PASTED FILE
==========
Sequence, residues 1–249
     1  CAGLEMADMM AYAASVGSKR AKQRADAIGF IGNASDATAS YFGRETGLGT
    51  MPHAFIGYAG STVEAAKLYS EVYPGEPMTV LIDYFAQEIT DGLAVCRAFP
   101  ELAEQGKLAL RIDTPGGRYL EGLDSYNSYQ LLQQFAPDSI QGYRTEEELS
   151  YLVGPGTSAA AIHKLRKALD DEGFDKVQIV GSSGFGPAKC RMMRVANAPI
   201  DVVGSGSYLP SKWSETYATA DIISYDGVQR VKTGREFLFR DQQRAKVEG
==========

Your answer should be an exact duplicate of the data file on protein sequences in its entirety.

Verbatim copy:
Sequence, residues 1–249
     1  CAGLEMADMM AYAASVGSKR AKQRADAIGF IGNASDATAS YFGRETGLGT
    51  MPHAFIGYAG STVEAAKLYS EVYPGEPMTV LIDYFAQEIT DGLAVCRAFP
   101  ELAEQGKLAL RIDTPGGRYL EGLDSYNSYQ LLQQFAPDSI QGYRTEEELS
   151  YLVGPGTSAA AIHKLRKALD DEGFDKVQIV GSSGFGPAKC RMMRVANAPI
   201  DVVGSGSYLP SKWSETYATA DIISYDGVQR VKTGREFLFR DQQRAKVEG